Daily Video

January 6, 2011

Kwame Dawes Tells Haitian Stories through Poetry, Reporting

[Sorry, the video for this story has expired, but you can still read the transcript here.]

Nearly one year to the day since a magnitude 7.0 earthquake forever changed the lives of Haitians; the country continues to suffer from its lasting effects. In that time, writer and poet Kwame Dawes has traveled to Haiti on four occasions to document people’s experiences, and turn the subject matter into poetry. Videos and photography accompany the prose which Dawes says brings about a certain “intimacy” with the people.

“When I was going to Haiti, the idea was really to report, to find out what was happening,” said Dawes. “But I knew that, somehow, I would have to find ways to respond to it in poetry. And that’s what happened.”

Dawes’ work was sponsored by the Pulitzer Center and given the green light based off prior work he had done for them on HIV/AIDS in Jamaica. When he first arrived in Haiti, Dawes describes how he was initially struck by the massive devastation and mental trauma the earthquake had caused. Amid all the devastation, Dawes was able to find stories, write about the people and eventually create poems bases off the experiences.

“A good narrative tells me there’s a poem here or there’s an image that is going to emerge out of it,” reveals Dawes. “I would listen to people’s stories and walk away. I would be thinking about it, and an image would come back to me, and I will find a way to turn that into poetry.”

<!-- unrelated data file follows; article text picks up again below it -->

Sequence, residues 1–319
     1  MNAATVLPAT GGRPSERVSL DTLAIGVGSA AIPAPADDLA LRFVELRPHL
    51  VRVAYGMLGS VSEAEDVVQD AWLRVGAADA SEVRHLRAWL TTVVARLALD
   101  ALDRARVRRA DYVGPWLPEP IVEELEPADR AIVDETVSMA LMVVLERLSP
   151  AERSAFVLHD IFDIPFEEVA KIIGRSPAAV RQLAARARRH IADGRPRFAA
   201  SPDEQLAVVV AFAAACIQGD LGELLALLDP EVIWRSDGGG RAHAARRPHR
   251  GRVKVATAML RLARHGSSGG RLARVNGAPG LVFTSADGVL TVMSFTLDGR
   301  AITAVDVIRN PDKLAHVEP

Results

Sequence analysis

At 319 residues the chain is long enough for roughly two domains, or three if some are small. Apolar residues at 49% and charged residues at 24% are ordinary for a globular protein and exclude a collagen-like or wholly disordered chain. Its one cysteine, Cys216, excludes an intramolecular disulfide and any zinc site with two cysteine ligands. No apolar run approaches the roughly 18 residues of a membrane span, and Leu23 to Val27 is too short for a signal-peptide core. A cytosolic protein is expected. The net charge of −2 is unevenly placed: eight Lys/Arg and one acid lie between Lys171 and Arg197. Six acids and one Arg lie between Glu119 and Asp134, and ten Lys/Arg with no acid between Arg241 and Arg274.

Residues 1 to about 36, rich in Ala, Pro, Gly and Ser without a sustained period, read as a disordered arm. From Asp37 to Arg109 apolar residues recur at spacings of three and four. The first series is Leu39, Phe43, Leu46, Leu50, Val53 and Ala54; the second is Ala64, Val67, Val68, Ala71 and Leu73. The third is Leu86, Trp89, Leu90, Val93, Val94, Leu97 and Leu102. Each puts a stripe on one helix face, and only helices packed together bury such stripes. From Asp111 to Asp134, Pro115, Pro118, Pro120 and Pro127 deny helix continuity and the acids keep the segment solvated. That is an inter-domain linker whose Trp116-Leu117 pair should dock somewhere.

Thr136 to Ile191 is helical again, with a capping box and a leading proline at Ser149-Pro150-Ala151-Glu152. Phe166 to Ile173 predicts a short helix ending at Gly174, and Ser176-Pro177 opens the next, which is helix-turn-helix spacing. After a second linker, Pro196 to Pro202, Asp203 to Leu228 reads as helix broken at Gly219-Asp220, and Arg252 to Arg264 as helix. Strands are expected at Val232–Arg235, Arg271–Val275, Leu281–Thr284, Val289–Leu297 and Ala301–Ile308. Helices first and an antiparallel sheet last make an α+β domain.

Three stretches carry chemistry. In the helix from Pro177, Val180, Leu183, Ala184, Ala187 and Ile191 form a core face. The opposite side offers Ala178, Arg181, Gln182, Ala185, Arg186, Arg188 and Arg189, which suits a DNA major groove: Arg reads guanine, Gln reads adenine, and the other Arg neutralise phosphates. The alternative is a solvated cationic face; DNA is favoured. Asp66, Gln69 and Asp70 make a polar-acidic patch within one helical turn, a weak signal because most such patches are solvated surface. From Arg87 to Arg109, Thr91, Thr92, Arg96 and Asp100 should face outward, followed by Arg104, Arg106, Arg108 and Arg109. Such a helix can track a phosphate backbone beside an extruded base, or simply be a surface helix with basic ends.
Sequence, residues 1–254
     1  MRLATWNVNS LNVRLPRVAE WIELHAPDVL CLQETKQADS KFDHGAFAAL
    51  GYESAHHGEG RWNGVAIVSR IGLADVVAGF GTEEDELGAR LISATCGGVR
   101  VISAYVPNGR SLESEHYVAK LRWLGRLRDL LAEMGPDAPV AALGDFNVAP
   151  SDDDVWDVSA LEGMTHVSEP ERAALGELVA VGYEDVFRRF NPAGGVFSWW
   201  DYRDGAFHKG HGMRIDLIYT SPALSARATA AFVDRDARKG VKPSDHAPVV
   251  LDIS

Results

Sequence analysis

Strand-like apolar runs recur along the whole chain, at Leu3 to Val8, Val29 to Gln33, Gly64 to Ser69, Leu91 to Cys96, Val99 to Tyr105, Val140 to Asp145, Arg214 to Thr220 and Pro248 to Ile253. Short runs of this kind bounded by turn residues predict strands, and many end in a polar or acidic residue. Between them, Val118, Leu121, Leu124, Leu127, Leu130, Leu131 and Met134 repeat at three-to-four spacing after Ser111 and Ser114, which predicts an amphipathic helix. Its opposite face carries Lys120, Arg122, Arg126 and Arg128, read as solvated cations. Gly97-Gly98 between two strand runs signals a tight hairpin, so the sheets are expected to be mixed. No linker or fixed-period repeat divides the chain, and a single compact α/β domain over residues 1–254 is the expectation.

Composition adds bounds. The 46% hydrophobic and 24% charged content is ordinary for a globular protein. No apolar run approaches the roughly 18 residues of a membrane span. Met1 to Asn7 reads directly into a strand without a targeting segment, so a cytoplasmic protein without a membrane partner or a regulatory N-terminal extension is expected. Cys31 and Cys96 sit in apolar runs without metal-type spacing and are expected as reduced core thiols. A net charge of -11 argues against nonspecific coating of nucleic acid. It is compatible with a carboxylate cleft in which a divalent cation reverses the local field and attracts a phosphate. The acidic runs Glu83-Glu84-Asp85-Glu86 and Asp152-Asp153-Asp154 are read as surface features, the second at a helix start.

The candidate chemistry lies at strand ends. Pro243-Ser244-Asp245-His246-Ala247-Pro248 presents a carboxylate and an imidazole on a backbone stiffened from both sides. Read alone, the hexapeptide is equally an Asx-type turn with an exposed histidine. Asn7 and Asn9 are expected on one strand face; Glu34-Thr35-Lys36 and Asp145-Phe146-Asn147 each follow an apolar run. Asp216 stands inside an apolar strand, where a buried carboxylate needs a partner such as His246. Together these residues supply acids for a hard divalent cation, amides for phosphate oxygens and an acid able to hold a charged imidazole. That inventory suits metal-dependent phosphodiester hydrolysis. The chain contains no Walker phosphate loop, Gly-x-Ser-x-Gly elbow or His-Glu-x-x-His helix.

One such poem is “Mothers of Mothers,” a piece that captures the strength of Haitian women.

This video is collaboration between the NewsHour, USA Today and The Pulitzer Center on Crisis Reporting that explores the crisis in Haiti one year after the earthquake.


“I write poems as a way to process and to work through experiences. And it also gives us an intimacy in the relationship with people.” –Kwame Dawes

“I cannot avoid a good story. At night, I would be thinking about it, and maybe an image would come back to me, and I will find a way to turn that into poetry.” –Kwame Dawes

Warm Up Questions

1. Where is Haiti?

2. What is poetry?

3. What is the difference between poetry and journalism?

Discussion Questions

1. How do you think poetry differs from a standard news story when telling a persons life experience?

2. What does Dawes mean when he says poetry gives readers a certain sense of “intimacy” in relation to the people and their stories?

3. Have you ever gone through something in your life and expressed it through writing? Was it in the form of poetry, an essay, etc.

Additional Resources

Read video transcript

Video Dispatch: Haiti, a Year Later

Haiti Election Protests Grow, Airport Closes

Haiti’s Election Turmoil Throws Results Into Question

Download this Video

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